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Passionate Digital.

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If you work for a D1 NCAA or professional sports team, you’ve likely got a large and varied collection of journalists following the team’s every move. Which is fantastic. They exist to provide objective, in-depth insight on the team. Fans crave this kind of content. They want to hear about injury rumors from beat reporters and theories about why the team typically slumps in January from talking heads. Unbiased reporting. Wins and losses receive the same treatment. Scandals get just as much or more coverage as charity work. It’s a crucial part of the communications strategy for any team. But…

What if I told you that the President of the United States and an 18th-Century statistician provided some of the most valuable content marketing advice for 2016? Hard to believe? Dig this: Way back in the late 1800s, statistician Francis Galton postulated that most statistically measurable phenomena would regress toward the mean. To those of us in the modern world, we recognize this idea as a bell curve. You see this curve when you graph test scores in a classroom – human height and weight, life expectancy, etc.  He called it “an unsuspected and most beautiful form of regularity.” You probably learned and forgot this…

The “curation” aspect of social content is underrated, but that’s what’s valuable. Not only carefully selecting third-party and user-generated content, but also trimming the fat from your own content ideas. The things you DON’T publish say just as much about you as the things you do. For your brand to be something, it inherently must not be something else. So, the absolute first step in any social strategy has to be answering the question, “who are we?” The answer to this question will guide your strategy and inform your decision making on every step after. The more precisely you answer…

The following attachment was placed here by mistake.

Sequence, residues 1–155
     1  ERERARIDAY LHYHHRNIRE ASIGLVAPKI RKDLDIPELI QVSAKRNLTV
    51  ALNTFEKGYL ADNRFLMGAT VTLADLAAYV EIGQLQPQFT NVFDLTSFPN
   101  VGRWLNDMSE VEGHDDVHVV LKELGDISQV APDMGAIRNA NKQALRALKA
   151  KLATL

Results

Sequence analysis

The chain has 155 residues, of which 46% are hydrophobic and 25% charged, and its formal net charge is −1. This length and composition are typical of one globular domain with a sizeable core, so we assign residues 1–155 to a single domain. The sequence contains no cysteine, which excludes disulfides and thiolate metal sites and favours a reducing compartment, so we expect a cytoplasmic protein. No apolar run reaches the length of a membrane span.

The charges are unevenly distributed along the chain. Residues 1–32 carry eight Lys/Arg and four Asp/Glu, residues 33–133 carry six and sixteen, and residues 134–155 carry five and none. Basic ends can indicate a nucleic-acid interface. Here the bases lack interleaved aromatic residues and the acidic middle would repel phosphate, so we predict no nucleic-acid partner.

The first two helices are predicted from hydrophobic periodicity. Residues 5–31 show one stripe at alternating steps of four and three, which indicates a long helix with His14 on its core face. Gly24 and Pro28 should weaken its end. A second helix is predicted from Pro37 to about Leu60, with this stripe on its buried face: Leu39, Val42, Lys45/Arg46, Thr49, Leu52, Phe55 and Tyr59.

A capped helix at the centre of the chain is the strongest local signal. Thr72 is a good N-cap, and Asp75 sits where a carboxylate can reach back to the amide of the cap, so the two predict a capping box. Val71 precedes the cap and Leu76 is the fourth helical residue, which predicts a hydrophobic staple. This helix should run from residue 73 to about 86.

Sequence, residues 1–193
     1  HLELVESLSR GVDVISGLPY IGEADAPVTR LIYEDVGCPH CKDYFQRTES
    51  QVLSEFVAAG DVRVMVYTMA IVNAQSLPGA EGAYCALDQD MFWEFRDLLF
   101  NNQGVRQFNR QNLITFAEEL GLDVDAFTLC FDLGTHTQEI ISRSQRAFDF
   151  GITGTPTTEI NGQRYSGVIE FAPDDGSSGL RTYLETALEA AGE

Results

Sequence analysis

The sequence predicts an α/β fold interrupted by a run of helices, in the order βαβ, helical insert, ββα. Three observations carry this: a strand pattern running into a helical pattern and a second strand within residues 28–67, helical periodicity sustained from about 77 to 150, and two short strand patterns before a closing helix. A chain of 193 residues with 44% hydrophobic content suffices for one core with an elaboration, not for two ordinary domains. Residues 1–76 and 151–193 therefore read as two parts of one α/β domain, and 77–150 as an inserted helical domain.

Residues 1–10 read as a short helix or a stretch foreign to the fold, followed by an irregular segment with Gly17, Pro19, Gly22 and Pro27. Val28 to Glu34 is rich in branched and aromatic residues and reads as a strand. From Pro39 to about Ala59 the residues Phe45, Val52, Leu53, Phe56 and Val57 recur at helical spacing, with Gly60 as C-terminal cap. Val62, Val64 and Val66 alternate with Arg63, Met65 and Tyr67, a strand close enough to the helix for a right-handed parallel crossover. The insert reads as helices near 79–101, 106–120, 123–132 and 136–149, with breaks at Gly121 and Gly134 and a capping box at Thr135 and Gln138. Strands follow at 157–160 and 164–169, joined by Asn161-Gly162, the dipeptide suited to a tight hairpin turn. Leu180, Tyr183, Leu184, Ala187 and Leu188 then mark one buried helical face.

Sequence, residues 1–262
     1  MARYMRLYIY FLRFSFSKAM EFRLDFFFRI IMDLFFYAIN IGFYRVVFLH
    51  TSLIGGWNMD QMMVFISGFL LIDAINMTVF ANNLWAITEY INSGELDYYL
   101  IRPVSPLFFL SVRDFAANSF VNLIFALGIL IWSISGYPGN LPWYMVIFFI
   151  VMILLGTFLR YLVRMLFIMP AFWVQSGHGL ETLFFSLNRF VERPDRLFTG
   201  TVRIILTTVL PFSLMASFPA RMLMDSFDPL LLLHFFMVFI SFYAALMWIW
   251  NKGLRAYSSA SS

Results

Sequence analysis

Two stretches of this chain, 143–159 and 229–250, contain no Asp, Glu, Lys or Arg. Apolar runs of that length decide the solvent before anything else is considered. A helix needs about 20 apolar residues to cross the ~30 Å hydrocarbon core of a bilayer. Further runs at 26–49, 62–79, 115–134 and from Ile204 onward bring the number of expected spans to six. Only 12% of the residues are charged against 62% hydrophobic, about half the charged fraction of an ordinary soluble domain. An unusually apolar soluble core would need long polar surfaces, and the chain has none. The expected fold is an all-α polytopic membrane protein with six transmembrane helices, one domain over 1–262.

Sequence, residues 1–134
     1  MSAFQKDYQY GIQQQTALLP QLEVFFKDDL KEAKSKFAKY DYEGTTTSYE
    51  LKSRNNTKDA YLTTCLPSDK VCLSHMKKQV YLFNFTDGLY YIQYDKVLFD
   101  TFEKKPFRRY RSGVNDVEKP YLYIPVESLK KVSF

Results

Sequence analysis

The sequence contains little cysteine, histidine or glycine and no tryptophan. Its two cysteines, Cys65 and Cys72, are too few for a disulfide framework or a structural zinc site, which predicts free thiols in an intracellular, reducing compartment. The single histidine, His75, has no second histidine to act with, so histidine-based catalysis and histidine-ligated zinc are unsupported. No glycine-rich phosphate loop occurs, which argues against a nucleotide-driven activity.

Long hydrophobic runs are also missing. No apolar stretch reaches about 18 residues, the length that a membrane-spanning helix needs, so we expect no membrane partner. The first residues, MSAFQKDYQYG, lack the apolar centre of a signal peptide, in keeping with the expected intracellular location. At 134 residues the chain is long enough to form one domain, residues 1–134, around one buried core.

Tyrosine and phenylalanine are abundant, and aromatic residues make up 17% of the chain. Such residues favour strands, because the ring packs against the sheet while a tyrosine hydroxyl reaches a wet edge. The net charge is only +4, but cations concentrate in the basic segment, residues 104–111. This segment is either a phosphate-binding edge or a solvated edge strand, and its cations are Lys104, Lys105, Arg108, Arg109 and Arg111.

There’s a dichotomy in social media marketing that doesn’t get talked about a lot. See, your publishing options and opportunities are limited only by your imagination, yet your potential for successful outcomes is constrained by the never ending flood of competitive content all vying for the finite attention of your audience. This truth limits the number of things you can achieve in social to one thing…. Success in social is measured by how well you can sell a simple story that resonates with your audience and the actions your audience takes to amplify that message. Every time you hit publish…

Twitter’s grown up a lot in the last 5 years. From only 54 million users in 2011, to over 300 million now. #SMSports has grown up with it, with each of the last 5 National Championship winners announcing its win on the network to growing communities of fans and attention. While it’s admirable to see Alabama’s consistency in social execution with text only updates in each of its three wins, the engagement numbers clearly favor a more visual element. 2015: That’s it! @AlabamaFTBL wins the 2016 #NationalChampionship #RollTide — Alabama Football (@AlabamaFTBL) January 12, 2016 2014 The Chase: COMPLETE 2014…